God restored Job's health and wealth and he went on to have more children. I thought about that for awhile. Just because he had 10 more kids doesn't mean he didn't miss his first set of kids. These 10 didn't make up for the loss of his first children. He had still raised them and loved them and his memories of them were still in tact.
On my caregiving journey I have good days and bad days. I have pictures of my son BC (before crash). Some days when I see them, they tear at my heart. I remember how he was and see him as he is. Other days, I enjoy the memories we made and honestly wouldn't trade for having had the opportunity to make them. Most days I miss him too much to express with words. Even though it's different now - I still love him - he's my son. Adding another son - would not replace him or the spot he has in my heart.
It can be easy to look at the end of Job's story and think it all worked out perfectly, and on one hand it did. But the loss of his children was never erased. Our losses as caregivers don't just disappear when we have a good day. A lot is really up to our attitude and how we take on the new while carrying the old. Every day is an opportunity to be swept under by our emotions and the struggles we face; or to rise above them. Some days, I have to admit, I do well to keep just the tip of my nose out of the water to keep from drowning. Other days I adjust well.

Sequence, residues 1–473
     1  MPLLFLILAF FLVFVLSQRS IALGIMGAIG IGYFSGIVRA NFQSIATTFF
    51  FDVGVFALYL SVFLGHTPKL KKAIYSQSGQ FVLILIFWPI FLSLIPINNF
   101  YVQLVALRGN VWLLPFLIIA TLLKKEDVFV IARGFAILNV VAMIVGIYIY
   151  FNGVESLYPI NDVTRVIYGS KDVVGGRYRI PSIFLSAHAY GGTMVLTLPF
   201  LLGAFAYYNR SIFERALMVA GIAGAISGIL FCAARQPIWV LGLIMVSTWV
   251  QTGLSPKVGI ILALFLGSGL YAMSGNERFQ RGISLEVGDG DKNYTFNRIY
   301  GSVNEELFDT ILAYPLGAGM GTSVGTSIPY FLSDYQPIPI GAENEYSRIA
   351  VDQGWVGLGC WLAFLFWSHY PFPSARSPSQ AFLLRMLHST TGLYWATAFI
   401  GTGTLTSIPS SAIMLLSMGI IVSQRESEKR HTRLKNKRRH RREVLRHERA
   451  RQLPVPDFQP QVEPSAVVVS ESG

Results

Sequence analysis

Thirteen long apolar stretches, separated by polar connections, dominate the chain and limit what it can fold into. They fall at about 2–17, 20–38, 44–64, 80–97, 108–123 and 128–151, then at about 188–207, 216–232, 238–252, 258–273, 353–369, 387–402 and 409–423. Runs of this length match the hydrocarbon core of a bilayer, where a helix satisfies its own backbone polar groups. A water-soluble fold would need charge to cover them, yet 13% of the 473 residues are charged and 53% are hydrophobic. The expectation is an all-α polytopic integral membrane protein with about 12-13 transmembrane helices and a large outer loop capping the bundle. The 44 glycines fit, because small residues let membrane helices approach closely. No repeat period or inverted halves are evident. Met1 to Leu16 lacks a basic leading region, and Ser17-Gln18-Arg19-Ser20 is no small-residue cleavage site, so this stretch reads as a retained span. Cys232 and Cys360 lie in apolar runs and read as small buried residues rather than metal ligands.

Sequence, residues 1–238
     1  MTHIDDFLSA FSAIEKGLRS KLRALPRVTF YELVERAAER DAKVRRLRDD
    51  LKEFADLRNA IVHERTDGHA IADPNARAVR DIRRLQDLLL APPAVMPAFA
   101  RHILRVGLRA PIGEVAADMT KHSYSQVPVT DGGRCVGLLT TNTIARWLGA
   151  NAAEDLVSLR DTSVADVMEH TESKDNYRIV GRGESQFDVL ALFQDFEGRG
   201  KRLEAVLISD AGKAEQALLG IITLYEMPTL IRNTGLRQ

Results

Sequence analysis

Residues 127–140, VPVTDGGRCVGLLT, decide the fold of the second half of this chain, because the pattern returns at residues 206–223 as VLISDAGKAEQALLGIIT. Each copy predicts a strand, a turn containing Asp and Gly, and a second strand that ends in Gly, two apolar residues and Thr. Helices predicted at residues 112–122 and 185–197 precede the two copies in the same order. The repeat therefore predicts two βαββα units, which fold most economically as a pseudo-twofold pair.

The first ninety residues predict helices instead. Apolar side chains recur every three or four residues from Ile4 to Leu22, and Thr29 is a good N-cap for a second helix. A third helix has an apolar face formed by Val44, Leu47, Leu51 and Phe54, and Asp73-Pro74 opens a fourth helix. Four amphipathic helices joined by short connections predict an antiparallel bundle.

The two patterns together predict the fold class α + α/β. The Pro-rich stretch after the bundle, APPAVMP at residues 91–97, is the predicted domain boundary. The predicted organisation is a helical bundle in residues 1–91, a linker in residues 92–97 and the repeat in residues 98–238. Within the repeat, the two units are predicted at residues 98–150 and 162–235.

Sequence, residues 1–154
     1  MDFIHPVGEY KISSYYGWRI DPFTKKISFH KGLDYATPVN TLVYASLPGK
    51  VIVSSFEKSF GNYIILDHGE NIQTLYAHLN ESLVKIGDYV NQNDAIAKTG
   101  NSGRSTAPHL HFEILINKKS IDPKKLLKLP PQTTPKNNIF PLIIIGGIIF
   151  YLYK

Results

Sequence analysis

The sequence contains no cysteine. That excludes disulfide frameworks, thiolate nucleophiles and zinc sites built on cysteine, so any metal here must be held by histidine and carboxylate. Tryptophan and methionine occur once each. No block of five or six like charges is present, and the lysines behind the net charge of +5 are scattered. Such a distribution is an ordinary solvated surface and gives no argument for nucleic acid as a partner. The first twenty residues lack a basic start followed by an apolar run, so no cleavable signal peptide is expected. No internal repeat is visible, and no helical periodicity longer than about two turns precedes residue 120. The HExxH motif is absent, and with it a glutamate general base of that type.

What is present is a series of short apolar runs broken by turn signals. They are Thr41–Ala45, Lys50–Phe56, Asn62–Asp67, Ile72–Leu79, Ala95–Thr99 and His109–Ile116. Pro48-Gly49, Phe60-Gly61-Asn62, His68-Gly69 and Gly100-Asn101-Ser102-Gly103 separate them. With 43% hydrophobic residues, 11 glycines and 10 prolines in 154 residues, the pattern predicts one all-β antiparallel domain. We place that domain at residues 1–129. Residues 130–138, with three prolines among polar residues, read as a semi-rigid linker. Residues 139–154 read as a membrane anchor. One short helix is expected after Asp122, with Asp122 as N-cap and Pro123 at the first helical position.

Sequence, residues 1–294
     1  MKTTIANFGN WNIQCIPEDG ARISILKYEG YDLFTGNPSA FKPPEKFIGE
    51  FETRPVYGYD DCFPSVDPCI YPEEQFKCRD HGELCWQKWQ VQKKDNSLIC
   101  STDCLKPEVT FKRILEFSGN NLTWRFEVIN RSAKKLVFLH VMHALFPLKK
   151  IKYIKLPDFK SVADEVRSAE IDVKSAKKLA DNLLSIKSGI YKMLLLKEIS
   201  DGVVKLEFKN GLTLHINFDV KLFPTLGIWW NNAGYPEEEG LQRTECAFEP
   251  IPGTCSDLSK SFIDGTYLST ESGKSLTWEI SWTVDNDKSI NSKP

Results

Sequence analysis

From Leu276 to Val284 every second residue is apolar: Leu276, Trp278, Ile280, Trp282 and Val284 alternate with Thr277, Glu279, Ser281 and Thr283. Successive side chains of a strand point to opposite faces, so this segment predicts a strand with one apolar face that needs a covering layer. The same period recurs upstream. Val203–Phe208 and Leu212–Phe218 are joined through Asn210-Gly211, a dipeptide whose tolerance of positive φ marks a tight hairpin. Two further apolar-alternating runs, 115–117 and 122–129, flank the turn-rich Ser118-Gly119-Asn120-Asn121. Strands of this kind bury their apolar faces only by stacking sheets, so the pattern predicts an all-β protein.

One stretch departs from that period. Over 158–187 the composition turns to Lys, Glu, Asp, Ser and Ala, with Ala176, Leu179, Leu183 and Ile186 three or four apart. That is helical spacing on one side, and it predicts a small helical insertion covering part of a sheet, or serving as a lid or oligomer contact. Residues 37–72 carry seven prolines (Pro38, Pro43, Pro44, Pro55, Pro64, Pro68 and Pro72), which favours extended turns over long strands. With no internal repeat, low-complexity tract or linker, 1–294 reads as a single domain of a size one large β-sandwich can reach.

So with Job still on my mind this morning, I got up and opened my Bible to chapter 42 one more time. Then I decided to look up the meanings of the names of his daughters. Jemima was Job's first daughter after his trial. It means beautiful as the day. His second daughter was named Kezia and it means fragrant as a perfume. And his third daughter was named Keren-happuch which means child of beauty. He could have named them anything - and these are the names he chose. I think it's significant.
The names of his daughters were all focused on beauty. Even though he must have grieved the loss of his other children, he focused on the beauty of these ladies. It seems to me that Job was looking at the beauty of the moment instead of the pain of the past. Job embraced the new and moved forward positively.
For me, the pain of the loss of the past can be haunting, but today I will try to let it go. I will think about the beauty of the moment instead. I will meditate on the works I see God doing in and around me today and not focus on the losses endured. My thoughts will be on His restoration and His protection of my soul, and I will rest in Him once again. Will you join me?